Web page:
[Robert J. Sawyer] Science Fiction Writer
ROBERT J. SAWYER
Hugo and Nebula Winner


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For Alan


Copyright © 2007 by Robert J. Sawyer. All Rights Reserved.

An Excerpt from
Rollback
by Robert J. Sawyer

On Saturday, June 8, 2013, my younger brother, Emmy-award-winning multimedia producer Alan Bruce Sawyer, passed away in Toronto from lung cancer at the age of 51.

Six years previously, in 2007, my novel Rollback had come out. It contains three scenes I never for a minute thought would be prophetic about an older brother burying a younger one.

Rollback deals with CBC audio engineer Don Halifax and his wife, SETI astronomer Sarah Halifax. They are offered a rollback — a rejuvenation procedure — by a rich patron, and it works for Don, regressing his physical age from 87 to 25, but it fails for Sarah.

I'd thought about reading excerpts from these scenes aloud at the Celebration of Life service for my brother Alan on June 15, 2013, but didn't think I'd be able to get through them without breaking down. But I offer them here as a tribute to my brother. Some of the details are autobiographical; some aren't — I don't suppose it matters to anyone but the two of us which are which.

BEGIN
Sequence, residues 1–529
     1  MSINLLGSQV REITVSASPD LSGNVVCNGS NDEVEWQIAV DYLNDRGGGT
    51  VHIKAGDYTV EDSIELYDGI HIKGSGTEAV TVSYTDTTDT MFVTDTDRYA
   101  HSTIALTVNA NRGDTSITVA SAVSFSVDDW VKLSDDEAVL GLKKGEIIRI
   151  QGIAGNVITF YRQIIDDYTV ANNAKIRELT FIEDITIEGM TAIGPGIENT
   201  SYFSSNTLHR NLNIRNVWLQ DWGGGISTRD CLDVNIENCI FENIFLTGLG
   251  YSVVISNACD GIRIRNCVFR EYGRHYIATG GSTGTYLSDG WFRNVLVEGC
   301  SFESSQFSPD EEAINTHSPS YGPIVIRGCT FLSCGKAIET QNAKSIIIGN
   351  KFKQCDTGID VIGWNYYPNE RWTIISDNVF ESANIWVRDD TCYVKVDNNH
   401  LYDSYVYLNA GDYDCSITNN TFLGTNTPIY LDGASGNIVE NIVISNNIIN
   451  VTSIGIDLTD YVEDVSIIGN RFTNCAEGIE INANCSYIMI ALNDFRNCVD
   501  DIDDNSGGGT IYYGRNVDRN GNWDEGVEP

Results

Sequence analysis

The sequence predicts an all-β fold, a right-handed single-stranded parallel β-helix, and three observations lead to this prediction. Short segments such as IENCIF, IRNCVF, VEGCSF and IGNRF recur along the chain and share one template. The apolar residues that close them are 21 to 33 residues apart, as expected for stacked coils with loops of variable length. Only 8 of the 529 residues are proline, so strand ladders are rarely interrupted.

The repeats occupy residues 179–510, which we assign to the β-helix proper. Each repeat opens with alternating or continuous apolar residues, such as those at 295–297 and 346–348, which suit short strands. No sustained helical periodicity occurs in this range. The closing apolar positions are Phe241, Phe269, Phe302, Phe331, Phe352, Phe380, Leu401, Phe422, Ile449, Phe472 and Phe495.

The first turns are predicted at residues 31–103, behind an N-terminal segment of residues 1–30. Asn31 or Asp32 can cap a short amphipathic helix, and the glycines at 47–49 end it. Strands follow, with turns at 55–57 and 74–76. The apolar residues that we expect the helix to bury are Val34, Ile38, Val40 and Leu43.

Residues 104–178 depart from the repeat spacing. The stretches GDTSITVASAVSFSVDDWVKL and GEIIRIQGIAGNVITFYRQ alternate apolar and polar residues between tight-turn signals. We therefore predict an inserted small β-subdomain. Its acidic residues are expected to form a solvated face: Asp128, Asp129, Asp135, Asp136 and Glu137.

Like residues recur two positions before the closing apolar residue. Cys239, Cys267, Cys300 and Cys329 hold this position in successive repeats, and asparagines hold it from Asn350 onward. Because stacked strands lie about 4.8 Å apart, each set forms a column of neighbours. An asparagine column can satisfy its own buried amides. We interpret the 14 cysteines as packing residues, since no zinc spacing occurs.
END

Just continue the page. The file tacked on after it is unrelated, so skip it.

Chapter 34

       Don was at home, lying in bed next to Sarah, when he was awoken from a dream. He and Sarah were standing on opposite sides of a vast canyon, and the gap between them kept widening, geologic forces working in real time, and —

       — and the phone was ringing. He fumbled for the handset, and Sarah found the switch for the lamp on her nightstand.

       "Hello?" said Don.

       [Alan Sawyer] "Don, is ... is that you?"

       He frowned. Nobody quite recognized his voice these days. "Yes."

       "Oh, Don, it's Pam." His sister-in-law; Bill's wife. She sounded hoarse, stressed.

       "Pam, are you okay?" Next to him, Sarah struggled to sit up, concerned.

       "It's Bill. He's — oh, God, Don, Bill is dead."

       Don felt his heart jump. "Christ ..."

       "What is it?" asked Sarah. "What's wrong?"

       He turned to her, and repeated the words, his own voice full of shock now: "Bill is dead."

       Sarah brought a hand to her mouth. Don spoke into the phone. "What happened?"

       "I don't know. His heart, I guess. He — he ..." Pam trailed off.

       "Are you at home? Are you okay?"

       "Yes, I'm at home. I just got back from the hospital. He was pronounced DOA."

       "What about Alex?" Bill's fifty-five-year-old son.

       "He's on his way."

       "God, Pam, I'm so sorry."